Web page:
Burgers and dogs, steak and ribs, chicken and lamb. Delicious grilled dinners are a father’s day staple for executives. Yet this favorite summer cooking method can be hazardous to your health. Although the surgeon general hasn’t placed a health warning on BBQ equipment or supplies, a National Cancer Institute study has linked lab animal cancers with meat cooked at high temperatures. The findings indicate that when meat is cooked at higher-than-boiling heat the amino acids react with creatine to form carcinogenic chemicals called heterocyclic aromatic amines also known as HAAS.
And where there is fire there is smoke. That heavenly aroma wafting from the grill carries polynuclear aromatic hydrocarbons as well as liberated benzopyrenes – carcinogens that may contribute to lung damage. As reported by the BBC, a study by the French environmental campaigning group Robin des Bois found that a typical two-hour barbecue can release the same level of dioxins as nearly 220,000 cigarettes.
So how dangerous is grilling? Desmond Hammerton, a retired professor of Marine Biology, believes warnings should be included on barbecue equipment. He states, “I’m sure that just the odd barbecue during the summer is not going to have any effect. But if you have a barbecue once or twice a week through the summer, and all crowd round it and inhale the fumes then over 10 or 20 years maybe that would do something.”
There are many ways to keep grilling and cut your risks. One favorite finding is to enjoy a cold dark beer with your BBQ. In an article published in the January 1999 issue of the Journal of Agricultural and Food Chemistry, Japanese researchers demonstrated how 24 beers they tested showed “potent inhibitory effect” against mutagens found in several types of HAAS.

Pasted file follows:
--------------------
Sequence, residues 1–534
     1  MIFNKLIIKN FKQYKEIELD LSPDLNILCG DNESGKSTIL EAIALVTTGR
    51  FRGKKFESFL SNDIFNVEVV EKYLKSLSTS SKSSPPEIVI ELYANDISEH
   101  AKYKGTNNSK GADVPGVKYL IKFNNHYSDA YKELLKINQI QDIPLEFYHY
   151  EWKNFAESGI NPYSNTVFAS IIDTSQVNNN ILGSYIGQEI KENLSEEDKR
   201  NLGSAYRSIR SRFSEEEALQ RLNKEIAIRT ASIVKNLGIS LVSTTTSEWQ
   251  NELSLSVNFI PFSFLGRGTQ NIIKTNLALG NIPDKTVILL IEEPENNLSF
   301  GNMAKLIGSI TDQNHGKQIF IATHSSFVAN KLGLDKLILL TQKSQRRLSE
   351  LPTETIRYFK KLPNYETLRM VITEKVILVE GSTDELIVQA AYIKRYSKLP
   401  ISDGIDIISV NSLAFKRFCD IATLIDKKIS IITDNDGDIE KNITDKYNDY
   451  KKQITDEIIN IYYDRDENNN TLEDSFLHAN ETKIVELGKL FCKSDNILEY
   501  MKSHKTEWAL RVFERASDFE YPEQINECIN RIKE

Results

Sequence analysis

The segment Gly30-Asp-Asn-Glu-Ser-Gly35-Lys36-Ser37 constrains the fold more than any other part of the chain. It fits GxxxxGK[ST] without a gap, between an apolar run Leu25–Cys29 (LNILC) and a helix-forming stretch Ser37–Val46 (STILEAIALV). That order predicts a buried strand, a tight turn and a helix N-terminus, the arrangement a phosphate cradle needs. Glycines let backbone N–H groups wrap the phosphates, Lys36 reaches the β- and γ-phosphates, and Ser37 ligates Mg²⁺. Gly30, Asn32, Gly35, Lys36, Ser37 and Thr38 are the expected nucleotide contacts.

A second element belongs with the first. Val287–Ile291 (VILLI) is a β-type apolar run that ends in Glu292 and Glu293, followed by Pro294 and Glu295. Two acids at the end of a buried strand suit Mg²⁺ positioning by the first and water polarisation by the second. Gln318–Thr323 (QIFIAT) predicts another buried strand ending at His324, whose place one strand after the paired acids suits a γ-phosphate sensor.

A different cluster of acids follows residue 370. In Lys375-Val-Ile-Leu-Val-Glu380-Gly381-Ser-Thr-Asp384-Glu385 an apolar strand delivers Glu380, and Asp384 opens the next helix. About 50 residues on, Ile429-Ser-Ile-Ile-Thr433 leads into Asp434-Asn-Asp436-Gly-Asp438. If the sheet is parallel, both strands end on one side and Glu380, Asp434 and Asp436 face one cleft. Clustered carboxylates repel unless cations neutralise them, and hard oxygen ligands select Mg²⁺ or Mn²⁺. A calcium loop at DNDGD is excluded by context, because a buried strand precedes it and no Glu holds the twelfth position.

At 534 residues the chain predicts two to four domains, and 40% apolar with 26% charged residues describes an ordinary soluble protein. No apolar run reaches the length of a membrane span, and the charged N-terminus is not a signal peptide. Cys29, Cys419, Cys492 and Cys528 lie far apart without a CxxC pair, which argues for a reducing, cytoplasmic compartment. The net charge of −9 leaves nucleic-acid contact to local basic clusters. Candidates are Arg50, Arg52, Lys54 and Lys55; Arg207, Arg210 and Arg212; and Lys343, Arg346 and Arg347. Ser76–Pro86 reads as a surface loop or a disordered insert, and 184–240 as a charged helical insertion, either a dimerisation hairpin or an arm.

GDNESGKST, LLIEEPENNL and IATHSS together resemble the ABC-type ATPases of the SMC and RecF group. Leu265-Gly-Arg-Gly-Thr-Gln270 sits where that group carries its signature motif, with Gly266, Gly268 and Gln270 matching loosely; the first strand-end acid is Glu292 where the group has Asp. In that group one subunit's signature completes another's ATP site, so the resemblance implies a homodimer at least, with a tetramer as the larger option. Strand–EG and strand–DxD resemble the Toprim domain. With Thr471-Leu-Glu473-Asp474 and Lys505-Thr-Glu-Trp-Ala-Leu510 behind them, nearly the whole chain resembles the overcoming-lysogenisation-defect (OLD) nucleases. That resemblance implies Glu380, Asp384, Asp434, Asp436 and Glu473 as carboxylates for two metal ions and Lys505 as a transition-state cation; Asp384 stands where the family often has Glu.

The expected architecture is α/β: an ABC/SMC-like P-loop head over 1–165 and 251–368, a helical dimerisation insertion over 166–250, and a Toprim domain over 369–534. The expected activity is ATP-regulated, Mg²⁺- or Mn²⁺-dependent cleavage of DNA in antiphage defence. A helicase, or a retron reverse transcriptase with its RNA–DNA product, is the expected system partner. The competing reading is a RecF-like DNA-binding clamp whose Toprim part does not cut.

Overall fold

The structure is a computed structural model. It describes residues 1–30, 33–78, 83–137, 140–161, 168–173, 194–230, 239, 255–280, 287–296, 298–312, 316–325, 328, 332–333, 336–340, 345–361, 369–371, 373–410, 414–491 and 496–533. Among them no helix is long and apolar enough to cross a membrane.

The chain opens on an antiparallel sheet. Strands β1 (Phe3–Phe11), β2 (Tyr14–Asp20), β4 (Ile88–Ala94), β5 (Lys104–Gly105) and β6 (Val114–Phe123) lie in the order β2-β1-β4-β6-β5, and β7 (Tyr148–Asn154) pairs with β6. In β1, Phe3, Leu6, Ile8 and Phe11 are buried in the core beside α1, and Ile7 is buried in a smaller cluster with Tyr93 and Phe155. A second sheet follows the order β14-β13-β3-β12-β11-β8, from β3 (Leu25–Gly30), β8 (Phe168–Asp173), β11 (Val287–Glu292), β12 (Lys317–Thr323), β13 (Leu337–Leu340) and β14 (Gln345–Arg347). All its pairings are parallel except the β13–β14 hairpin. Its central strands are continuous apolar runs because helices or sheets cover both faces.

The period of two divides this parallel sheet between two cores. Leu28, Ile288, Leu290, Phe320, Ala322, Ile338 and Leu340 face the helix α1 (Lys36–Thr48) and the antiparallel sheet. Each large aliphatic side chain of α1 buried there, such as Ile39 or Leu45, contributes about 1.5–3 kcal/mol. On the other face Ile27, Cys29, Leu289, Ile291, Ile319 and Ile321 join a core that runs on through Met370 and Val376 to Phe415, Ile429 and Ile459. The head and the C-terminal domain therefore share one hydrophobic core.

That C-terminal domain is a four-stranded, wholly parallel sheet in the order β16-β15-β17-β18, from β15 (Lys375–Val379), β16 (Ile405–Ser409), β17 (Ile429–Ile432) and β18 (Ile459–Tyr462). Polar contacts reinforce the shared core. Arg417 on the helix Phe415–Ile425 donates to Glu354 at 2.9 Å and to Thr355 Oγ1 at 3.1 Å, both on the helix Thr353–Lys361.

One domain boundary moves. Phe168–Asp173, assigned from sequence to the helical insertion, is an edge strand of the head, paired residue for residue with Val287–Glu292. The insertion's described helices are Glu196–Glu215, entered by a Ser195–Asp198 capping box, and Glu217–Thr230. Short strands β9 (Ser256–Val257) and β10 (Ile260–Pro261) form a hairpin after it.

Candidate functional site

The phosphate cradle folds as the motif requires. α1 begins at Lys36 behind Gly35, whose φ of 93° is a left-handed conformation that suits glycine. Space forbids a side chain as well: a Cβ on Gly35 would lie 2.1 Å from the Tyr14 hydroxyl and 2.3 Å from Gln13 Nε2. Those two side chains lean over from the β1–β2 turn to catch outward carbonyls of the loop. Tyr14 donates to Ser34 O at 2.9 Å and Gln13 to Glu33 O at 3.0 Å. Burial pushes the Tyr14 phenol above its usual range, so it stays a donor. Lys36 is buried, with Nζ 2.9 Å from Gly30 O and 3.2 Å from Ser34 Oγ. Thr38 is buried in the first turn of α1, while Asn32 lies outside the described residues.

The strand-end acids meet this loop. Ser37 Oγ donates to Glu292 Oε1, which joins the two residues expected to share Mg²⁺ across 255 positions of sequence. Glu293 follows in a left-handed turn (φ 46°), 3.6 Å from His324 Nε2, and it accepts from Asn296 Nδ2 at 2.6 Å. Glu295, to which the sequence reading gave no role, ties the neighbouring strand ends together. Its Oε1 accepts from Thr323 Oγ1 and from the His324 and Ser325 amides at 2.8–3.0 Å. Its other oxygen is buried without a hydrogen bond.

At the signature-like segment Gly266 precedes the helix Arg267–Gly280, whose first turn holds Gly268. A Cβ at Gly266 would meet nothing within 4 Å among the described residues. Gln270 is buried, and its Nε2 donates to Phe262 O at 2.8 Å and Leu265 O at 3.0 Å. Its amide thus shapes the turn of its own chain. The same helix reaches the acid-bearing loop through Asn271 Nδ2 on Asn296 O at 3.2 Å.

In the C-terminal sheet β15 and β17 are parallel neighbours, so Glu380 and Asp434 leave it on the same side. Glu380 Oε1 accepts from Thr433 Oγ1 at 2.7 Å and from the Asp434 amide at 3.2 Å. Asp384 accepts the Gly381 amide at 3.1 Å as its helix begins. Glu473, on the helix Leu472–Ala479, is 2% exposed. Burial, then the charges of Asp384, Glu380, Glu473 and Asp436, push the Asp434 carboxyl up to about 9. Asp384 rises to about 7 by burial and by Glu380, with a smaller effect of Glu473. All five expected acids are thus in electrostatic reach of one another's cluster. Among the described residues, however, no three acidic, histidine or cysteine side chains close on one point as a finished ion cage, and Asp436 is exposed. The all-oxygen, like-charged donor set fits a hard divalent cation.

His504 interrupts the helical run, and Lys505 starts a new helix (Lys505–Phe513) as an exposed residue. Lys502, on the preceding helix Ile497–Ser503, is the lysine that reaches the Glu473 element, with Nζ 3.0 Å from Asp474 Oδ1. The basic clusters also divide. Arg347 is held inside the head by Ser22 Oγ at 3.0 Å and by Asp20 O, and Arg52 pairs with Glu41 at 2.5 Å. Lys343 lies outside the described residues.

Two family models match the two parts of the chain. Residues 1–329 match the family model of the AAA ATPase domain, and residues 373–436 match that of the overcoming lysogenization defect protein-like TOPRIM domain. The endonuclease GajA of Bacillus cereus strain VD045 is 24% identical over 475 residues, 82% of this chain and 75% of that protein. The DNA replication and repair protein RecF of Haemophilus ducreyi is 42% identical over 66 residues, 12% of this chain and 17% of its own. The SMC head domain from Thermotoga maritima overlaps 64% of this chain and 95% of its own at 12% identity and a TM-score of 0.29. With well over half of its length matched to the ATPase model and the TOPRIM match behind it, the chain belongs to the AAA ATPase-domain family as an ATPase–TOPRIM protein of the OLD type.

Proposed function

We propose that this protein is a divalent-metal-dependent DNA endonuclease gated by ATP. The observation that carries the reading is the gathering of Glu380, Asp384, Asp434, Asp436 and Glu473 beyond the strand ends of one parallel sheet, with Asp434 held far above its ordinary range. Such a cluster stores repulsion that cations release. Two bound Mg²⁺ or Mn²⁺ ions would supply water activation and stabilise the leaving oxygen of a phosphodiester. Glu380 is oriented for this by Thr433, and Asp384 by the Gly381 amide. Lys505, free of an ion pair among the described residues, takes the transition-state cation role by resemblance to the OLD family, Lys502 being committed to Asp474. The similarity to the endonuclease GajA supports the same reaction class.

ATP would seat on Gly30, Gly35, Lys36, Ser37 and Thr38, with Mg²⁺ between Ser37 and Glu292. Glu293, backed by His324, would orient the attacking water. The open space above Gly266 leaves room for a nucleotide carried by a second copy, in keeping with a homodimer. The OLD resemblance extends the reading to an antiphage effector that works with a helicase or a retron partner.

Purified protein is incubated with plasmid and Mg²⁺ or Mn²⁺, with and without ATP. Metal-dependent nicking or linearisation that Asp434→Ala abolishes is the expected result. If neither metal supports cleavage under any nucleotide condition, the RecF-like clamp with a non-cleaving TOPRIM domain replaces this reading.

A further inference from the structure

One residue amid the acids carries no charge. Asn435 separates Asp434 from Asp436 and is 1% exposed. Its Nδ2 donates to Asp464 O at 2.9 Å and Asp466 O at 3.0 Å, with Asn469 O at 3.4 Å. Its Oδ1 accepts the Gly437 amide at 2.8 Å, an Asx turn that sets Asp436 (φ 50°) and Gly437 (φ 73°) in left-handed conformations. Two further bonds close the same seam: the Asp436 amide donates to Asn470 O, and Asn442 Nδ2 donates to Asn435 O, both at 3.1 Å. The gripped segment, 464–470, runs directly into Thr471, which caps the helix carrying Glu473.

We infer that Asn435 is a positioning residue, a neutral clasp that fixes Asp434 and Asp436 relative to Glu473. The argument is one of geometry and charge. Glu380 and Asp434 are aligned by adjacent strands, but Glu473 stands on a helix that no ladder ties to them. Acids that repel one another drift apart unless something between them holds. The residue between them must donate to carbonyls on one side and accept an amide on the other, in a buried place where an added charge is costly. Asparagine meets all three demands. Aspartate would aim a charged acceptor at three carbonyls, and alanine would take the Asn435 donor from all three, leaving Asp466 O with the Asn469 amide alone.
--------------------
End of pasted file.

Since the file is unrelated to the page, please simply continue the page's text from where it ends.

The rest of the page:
If you’d rather sip something else, changing your grilling technique can make a difference. For the traditional grill, use cooler burning fuels such as hardwood or charcoal. For gas grills, cook slowly at medium heat. In both cases, place a drip pan under the meat to minimize fat fires. You can also precook meat in the microwave or parboil as some researchers have found that even a short amount of pre-cooking can decrease heterocyclic amines by nearly 90 percent. Turning meat often helps moderate the heat, but avoid piercing the meat when flipping to keep the juice from causing a flare up. A clean grill is also important as stuck residues are concentrated in hydrocarbons and can contaminate your fresh foods.
Always avoid charring the meat since the carcinogens are concentrated in the blackened portions.
And don’t forget that carcinogenic substances only form on foods rich in saturated fats. So ultimately, the best grilling safety solution is to choose a menu with leaner meat such as fish or seafood and lots of fat free vegetables and fruits.
If you have questions about your diet, contact your doctor at EHS Corporate Care for recommendations. For all the Father’s reading this article – have a happy and healthy day.
John P. Mamana, M.D.
EHS Corporate Care
Reston, VA 20191
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